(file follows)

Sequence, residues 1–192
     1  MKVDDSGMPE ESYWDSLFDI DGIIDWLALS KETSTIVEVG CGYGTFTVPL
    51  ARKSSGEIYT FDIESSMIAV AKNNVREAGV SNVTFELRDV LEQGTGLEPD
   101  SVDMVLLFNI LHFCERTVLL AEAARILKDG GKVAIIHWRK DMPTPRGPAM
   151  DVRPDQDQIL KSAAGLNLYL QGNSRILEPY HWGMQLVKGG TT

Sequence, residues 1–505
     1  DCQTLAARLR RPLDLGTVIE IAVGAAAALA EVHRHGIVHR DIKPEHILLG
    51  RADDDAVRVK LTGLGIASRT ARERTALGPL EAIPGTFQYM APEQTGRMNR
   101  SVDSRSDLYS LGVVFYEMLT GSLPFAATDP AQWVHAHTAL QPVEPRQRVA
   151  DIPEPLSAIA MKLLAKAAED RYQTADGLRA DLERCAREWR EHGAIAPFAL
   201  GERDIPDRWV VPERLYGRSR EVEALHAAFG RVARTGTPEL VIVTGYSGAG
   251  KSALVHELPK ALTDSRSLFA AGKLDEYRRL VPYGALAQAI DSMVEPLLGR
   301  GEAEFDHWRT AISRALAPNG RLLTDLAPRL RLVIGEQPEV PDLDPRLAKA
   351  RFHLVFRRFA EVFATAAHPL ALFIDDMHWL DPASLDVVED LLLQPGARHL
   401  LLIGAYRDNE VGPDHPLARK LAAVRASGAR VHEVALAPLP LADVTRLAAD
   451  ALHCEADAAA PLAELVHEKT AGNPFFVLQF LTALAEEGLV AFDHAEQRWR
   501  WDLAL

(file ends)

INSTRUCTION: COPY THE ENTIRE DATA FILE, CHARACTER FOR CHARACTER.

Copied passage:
Sequence, residues 1–192
     1  MKVDDSGMPE ESYWDSLFDI DGIIDWLALS KETSTIVEVG CGYGTFTVPL
    51  ARKSSGEIYT FDIESSMIAV AKNNVREAGV SNVTFELRDV LEQGTGLEPD
   101  SVDMVLLFNI LHFCERTVLL AEAARILKDG GKVAIIHWRK DMPTPRGPAM
   151  DVRPDQDQIL KSAAGLNLYL QGNSRILEPY HWGMQLVKGG TT

Sequence, residues 1–505
     1  DCQTLAARLR RPLDLGTVIE IAVGAAAALA EVHRHGIVHR DIKPEHILLG
    51  RADDDAVRVK LTGLGIASRT ARERTALGPL EAIPGTFQYM APEQTGRMNR
   101  SVDSRSDLYS LGVVFYEMLT GSLPFAATDP AQWVHAHTAL QPVEPRQRVA
   151  DIPEPLSAIA MKLLAKAAED RYQTADGLRA DLERCAREWR EHGAIAPFAL
   201  GERDIPDRWV VPERLYGRSR EVEALHAAFG RVARTGTPEL VIVTGYSGAG
   251  KSALVHELPK ALTDSRSLFA AGKLDEYRRL VPYGALAQAI DSMVEPLLGR
   301  GEAEFDHWRT AISRALAPNG RLLTDLAPRL RLVIGEQPEV PDLDPRLAKA
   351  RFHLVFRRFA EVFATAAHPL ALFIDDMHWL DPASLDVVED LLLQPGARHL
   401  LLIGAYRDNE VGPDHPLARK LAAVRASGAR VHEVALAPLP LADVTRLAAD
   451  ALHCEADAAA PLAELVHEKT AGNPFFVLQF LTALAEEGLV AFDHAEQRWR
   501  WDLAL